The newly elected government in Germany, including the Social Democratic Party (SPD), the Green Party (Die Grüne), and the Liberals (FDP), has signed the coalition agreement on December 7th. Although differences between the party programs have been significant, especially in terms of climate measures, the parties agreed on several goals in the fight against climate change. However, much will still have to be negotiated in the coming months and years. The coalition wants to significantly accelerate the expansion of renewable energies: They are to supply 80 percent of the electricity as early as 2030. Previously, the target was 65 percent. Currently, it is about 45 percent.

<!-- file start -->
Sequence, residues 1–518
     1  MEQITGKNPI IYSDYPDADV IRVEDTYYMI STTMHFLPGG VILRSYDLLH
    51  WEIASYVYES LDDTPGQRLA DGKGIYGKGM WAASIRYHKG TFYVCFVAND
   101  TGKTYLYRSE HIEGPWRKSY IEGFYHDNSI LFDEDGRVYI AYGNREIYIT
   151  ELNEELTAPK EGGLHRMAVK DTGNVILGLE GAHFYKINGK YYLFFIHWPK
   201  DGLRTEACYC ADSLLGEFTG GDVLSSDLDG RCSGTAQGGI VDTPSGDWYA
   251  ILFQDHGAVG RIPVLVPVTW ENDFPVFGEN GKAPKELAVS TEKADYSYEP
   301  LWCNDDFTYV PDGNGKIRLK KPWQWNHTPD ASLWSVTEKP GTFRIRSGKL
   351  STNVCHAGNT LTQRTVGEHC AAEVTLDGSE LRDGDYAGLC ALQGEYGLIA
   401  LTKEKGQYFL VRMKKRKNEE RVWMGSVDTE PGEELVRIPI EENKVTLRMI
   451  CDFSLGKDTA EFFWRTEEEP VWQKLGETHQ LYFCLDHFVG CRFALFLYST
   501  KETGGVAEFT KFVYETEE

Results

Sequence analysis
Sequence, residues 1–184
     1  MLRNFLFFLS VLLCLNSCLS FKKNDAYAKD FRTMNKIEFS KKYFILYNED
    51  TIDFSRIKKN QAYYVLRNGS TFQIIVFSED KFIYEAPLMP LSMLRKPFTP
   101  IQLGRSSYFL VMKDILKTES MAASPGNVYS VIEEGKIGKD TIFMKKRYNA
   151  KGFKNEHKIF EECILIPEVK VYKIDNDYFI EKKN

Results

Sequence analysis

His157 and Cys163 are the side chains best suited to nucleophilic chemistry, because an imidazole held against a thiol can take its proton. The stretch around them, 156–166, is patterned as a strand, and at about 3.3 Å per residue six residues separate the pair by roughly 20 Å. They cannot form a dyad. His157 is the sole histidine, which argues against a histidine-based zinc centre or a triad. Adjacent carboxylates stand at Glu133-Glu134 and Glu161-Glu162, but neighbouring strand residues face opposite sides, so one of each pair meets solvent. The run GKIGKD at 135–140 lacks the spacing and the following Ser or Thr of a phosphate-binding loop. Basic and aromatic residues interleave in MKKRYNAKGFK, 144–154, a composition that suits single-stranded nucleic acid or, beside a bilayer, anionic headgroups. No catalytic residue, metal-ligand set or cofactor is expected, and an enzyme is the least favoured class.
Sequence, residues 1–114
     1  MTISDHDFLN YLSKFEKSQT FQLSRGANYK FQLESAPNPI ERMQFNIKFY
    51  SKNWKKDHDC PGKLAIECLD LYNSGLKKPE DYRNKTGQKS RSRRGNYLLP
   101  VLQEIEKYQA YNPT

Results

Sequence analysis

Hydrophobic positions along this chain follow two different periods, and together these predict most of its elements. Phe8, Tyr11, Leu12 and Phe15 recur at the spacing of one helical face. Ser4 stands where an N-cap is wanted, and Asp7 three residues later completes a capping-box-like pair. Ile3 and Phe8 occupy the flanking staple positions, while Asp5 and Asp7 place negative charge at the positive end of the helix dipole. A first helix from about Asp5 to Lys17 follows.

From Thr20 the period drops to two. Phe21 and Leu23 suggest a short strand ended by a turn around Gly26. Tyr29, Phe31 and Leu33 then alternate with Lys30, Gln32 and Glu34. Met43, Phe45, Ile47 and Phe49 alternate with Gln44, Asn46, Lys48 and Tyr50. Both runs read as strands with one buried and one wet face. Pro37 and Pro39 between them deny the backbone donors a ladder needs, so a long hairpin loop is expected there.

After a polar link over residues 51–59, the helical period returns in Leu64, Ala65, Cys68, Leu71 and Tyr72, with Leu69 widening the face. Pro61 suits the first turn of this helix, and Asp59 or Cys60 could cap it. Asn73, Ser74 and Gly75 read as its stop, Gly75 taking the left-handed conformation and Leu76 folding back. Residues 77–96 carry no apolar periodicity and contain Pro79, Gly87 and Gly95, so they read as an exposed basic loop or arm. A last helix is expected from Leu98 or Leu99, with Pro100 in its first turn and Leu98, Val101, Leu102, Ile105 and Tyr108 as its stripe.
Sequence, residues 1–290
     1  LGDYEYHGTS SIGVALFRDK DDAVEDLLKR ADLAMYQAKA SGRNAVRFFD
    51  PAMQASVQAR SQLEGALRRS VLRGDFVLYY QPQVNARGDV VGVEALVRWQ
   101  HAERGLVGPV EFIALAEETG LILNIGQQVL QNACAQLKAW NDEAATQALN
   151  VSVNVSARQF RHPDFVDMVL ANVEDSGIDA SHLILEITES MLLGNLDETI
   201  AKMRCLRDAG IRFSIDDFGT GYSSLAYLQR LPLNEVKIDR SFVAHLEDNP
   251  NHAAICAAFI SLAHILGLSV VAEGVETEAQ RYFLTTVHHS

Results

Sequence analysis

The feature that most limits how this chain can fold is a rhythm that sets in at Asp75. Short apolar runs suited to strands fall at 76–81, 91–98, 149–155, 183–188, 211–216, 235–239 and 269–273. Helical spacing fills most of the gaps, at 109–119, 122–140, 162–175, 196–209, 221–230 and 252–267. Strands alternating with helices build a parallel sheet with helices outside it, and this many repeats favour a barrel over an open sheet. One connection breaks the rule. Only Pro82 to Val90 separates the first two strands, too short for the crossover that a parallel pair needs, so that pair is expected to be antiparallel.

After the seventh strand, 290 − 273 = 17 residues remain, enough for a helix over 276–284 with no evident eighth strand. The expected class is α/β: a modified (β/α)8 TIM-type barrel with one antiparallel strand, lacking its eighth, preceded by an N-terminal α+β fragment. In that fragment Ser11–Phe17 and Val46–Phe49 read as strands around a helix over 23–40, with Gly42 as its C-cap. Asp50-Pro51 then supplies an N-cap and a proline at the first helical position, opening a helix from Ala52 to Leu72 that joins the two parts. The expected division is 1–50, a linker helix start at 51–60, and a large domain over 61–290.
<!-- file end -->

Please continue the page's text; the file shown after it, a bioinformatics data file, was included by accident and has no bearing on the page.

Also, new gas-fired power plants are to be built. As in the exploratory paper, the wording for the coal phase-out is that it should "ideally" be brought forward to 2030. A solar obligation for new commercial buildings is certain, and for new private buildings "it is to become the norm". That, too, will probably remain open to interpretation. In addition to the expansion of renewables, however, the construction of new gas-fired power plants is equally important (given they are also suitable for green hydrogen). Natural gas is clearly designated as a transitional energy source. This will quickly become important in view of the EU decision on sustainable energy generation in the coming weeks. Germany will press for natural gas to be classified as "sustainable".